abstract = "High failure rates of femoropopliteal artery (FPA) interventions are often attributed to severe mechanical deformations that occur with limb flexion. One of these deformations, cross-sectional pinching, has a direct effect on blood flow, but is poorly characterized. Intra-arterial markers were deployed into n ¼ 50 in situ cadaveric FPAs (80 + 12 years old, 14F/11M), and limbs were imaged in standing, walking, sitting and gardening postures. Image analysis was used to measure marker openings and calculate FPA pinching. Parametric finite element analysis on a stent section was used to determine the optimal combination of stent strut amplitude, thickness and the number of struts per section to maximize cross-sectional opening and minimize intramural mechanical stress and low wall shear stress. Pinching was higher distally and increased with increasing limb flexion. In the walking, sitting and gardening postures, it was 1.16 – 1.24, 1.17 – 1.26 and 1.19 – 1.35, respectively. Stent strut amplitude and thickness had strong effects on both intramural stresses and pinching. Stents with a strut amplitude of 3 mm, thickness of 175 mm and 20 struts per section produced pinching and intramural stresses typical for a non-stented FPA, while also minimizing low wall shear stress areas, and ensuring a stent lifespan of at least 10 7 cycles. These results can help guide the development of improved devices and materials to treat peripheral arterial disease.",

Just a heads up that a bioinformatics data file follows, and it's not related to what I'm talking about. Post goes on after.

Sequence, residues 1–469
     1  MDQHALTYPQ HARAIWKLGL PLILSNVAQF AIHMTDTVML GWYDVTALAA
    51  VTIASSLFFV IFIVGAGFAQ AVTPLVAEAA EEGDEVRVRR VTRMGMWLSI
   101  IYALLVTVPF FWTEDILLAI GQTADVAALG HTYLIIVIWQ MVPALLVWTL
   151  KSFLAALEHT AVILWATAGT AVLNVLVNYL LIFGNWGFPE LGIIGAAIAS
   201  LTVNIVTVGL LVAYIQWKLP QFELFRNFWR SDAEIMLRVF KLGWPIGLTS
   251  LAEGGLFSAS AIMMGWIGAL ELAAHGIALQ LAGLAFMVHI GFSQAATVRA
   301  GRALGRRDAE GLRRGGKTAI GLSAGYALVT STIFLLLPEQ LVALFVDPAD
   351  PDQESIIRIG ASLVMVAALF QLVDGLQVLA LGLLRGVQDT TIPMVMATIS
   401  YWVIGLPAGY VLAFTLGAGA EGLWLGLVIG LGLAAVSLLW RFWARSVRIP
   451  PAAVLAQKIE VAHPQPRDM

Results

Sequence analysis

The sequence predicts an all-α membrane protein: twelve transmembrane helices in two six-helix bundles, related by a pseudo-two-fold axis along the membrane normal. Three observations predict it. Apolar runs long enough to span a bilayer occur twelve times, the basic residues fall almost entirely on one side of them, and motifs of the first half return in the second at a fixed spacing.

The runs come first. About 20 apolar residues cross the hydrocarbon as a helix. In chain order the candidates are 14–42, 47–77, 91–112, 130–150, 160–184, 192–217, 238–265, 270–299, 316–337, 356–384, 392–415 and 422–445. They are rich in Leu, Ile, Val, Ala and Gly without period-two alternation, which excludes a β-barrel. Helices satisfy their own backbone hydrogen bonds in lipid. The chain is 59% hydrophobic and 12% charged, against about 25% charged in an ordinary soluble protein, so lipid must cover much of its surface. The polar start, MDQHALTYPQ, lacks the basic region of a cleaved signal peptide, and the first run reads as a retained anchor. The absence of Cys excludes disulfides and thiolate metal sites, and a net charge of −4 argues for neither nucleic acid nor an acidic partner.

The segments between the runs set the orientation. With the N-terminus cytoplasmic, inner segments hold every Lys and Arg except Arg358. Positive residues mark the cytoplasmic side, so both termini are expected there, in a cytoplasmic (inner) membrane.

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AU - Poulson, William